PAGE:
Columbus, Neb. – On May 8, the American Public Power Association recognized Nebraska Public Power District for its reliable and safe electric service to customers and designated the statewide utility as a Reliable Public Power Provider (RP3)®.
The RP3 designation, which lasts for three years, recognizes public power utilities that demonstrate proficiency in four key disciplines: reliability, safety, workforce development and system improvement. Criteria include sound business practices and a utility-wide commitment to safe and reliable delivery of electricity. There are more than 2,000 community owned electric utilities in the United States, yet only approximately 220 public power utilities hold the RP3 designation.
“We’re honored to be recognized at the national level as a Reliable Public Power Provider,” said NPPD General Manager of Retail Tim Arlt. “Our team works hard to provide reliable service and RP3 recognizes our commitment to serving our customers and communities.”
NPPD serves more than 91,000 Nebraskans in 80 different communities across the state. Recent initiatives by NPPD’s retail division include community solar projects in Scottsbluff, Venango and Kearney, and LED street lighting upgrades in Plattsmouth and Aurora. The utility has also not had an electric rate increase for retail customers in four years.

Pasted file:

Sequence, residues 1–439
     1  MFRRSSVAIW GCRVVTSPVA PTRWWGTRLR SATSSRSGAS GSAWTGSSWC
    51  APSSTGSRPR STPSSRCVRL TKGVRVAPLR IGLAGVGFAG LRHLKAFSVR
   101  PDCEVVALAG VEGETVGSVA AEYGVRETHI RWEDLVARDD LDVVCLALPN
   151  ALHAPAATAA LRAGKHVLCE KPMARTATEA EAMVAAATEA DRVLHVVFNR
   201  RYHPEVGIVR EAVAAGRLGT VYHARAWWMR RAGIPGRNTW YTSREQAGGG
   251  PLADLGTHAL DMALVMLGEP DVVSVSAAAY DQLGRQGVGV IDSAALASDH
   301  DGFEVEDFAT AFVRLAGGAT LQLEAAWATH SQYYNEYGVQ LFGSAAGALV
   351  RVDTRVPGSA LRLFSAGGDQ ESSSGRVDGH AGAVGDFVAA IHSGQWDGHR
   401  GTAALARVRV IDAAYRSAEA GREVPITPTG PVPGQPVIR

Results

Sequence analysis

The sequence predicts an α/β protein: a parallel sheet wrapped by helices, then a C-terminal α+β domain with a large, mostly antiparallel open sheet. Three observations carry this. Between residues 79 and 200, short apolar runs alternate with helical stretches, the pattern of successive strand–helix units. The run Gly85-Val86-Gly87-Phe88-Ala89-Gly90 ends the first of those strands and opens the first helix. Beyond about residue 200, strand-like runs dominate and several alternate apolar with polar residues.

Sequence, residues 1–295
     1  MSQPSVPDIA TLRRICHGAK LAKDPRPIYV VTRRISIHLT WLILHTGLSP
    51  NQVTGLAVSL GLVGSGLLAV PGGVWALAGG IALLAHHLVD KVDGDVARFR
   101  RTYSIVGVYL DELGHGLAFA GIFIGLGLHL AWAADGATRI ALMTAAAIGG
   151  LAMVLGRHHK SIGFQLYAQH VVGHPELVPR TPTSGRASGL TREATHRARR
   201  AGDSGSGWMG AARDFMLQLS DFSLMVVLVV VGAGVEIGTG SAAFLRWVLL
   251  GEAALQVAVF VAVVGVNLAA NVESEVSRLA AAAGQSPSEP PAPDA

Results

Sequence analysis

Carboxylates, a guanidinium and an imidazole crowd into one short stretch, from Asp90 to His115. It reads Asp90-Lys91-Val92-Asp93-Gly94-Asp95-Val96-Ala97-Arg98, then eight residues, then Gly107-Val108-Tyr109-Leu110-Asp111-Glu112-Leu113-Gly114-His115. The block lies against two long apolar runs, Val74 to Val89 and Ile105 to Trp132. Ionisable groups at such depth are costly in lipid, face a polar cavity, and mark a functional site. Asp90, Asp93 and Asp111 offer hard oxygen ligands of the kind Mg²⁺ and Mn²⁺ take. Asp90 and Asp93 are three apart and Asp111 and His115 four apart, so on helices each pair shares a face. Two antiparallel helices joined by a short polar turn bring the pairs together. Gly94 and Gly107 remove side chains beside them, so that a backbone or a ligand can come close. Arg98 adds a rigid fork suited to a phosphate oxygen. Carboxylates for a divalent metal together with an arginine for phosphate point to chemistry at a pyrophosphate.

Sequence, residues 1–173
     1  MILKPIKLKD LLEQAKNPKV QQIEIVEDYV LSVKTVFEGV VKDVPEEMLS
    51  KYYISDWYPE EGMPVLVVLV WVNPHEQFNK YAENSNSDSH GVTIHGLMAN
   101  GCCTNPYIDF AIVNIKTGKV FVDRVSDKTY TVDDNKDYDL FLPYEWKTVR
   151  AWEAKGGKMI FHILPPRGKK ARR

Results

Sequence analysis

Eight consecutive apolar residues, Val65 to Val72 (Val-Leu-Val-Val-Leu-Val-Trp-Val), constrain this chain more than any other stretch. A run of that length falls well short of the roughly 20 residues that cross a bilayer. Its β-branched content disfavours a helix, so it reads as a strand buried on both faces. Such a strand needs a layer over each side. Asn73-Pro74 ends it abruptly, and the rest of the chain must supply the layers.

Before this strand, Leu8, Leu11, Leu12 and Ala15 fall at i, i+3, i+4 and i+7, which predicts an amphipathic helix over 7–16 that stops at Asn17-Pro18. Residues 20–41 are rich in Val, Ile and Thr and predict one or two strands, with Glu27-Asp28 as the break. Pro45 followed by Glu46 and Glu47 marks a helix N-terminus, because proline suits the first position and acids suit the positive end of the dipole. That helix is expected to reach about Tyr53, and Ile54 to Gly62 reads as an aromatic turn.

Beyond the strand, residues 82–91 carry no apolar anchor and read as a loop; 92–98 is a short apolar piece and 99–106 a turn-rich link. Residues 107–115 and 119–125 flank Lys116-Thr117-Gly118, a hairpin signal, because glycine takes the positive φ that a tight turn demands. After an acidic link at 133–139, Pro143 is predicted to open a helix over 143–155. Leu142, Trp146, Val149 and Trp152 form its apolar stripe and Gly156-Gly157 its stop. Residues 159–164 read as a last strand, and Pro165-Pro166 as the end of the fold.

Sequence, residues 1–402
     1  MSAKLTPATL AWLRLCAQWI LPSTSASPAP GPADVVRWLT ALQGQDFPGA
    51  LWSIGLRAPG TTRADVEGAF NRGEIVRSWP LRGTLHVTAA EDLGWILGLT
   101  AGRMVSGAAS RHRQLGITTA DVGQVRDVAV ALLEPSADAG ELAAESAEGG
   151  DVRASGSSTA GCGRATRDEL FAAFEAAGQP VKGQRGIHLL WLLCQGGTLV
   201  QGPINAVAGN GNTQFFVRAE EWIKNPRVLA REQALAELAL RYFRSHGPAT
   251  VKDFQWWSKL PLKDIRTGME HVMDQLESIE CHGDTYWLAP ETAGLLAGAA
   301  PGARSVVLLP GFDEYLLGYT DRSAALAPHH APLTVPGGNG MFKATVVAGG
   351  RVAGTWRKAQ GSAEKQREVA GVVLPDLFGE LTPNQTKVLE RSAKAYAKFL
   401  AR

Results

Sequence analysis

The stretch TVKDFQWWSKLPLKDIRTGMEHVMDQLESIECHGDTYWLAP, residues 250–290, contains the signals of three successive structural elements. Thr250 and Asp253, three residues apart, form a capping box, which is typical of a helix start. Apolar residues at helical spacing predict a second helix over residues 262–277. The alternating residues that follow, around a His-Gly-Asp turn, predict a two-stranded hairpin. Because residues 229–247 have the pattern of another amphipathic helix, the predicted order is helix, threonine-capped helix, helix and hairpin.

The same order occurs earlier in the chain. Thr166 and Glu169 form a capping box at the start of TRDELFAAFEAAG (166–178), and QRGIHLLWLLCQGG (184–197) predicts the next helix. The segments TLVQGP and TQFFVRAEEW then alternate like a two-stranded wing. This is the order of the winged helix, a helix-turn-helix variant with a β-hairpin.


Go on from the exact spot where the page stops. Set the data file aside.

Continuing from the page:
“We are always seeking better ways to serve customers without impacting their pocketbooks,” said Arlt.
Utilities that have earned an RP3 designation demonstrate public power’s emphasis on achieving leading practices and providing a high level of service to communities. APPA has offered the RP3 designation for 12 years.
NPPD received the recognition by the chair of the APPA’s RP3 Review Panel David Lynch during the Association’s annual Engineering & Operations Technical Conference held in San Antonio, Texas. Lynch is Assistant Director of Utility Operations at Marquette Board of Light and Power, Michigan.
APPA is the voice of not-for-profit, community-owned utilities that power 49 million people in 2,000 towns and cities nationwide. It advocates and advises on electricity policy, technology, trends, training, and operations.